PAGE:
I recently read an article relating to men’s health which was based on ongoing research by Professor Alan White, Director of the Centre for Men’s Health at Leeds Metropolitan University. Professor White was asked by the European Commission to look at men’s health, and the report he produced distilled data from 34 European countries. The good news is that it showed some patterns which are expected to have a positive influence on men’s health policy throughout the region.
He found that poor lifestyle choices and other preventable risk factors account for illness, and even premature death in men. Men can also be reluctant to seek medical advice which may result in more advanced disease progression at the time of detection.
But his findings are also heartening because it means that the perceived health disadvantages men face are not entirely genetic, and that they can be remedied, at least in part, by targeted policies and positive action.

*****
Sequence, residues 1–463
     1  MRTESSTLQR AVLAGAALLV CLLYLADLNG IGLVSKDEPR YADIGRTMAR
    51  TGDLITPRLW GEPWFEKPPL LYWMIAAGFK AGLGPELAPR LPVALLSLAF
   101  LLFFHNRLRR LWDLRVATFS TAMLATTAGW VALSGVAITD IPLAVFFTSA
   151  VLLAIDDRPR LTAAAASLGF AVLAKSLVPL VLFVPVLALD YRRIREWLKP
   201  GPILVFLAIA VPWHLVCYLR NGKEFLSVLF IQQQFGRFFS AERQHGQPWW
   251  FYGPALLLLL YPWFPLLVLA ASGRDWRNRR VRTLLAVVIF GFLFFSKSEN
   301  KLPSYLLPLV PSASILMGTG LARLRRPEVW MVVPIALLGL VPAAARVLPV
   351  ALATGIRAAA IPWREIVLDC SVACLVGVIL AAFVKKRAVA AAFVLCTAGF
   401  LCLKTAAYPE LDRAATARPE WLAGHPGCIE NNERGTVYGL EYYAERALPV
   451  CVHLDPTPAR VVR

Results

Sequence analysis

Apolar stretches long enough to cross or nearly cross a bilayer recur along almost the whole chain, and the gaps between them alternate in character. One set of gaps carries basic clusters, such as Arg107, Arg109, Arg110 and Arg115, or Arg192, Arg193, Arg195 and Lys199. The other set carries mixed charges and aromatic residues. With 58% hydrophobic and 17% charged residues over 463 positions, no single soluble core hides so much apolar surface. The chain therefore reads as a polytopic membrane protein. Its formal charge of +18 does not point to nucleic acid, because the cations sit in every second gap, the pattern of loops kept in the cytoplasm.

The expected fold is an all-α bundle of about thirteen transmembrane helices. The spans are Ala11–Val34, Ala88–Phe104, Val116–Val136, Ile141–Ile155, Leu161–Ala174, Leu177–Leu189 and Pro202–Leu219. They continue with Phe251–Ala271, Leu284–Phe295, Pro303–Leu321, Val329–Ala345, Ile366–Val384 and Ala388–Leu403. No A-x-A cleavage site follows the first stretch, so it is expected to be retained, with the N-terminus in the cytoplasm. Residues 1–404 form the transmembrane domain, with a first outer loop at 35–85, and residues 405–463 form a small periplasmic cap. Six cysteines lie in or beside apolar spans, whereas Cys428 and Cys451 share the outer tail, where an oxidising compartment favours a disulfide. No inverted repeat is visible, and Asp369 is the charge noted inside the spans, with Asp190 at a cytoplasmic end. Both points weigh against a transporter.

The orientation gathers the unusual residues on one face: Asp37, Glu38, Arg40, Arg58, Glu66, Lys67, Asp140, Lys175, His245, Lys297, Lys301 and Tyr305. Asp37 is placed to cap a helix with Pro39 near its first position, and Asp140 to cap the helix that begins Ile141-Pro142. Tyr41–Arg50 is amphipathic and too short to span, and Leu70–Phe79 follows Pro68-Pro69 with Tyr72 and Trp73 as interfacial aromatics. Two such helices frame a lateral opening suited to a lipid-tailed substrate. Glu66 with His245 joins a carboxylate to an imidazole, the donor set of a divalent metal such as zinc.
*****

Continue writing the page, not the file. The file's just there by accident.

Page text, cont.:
Other key findings from the report relate to higher rates of death because of men’s riskier lifestyles, and the fact that they remain under-informed about health issues. This is something which particularly concerns me. Women’s magazines positively buzz with information about health and fitness, and whole sections are regularly given over to questions and answers relating to medical problems, diseases and tests available on the NHS. There are not as many men’s magazines, and their focus can sometimes be different, although publications such as Men’s Fitness do provide advice on nutrition and exercise as a means to attaining an active, healthy and balanced lifestyle – which is great.
Professor White’s findings will hopefully be a catalyst for change because he found that even countries with the best health outcomes still had significant numbers of premature male deaths, as well as substantial gaps between the health of men in the most and least affluent environments.
So there is plenty still to be done, but Professor White’s work is vitally important to learning more, as well as taking positive action on men’s health issues.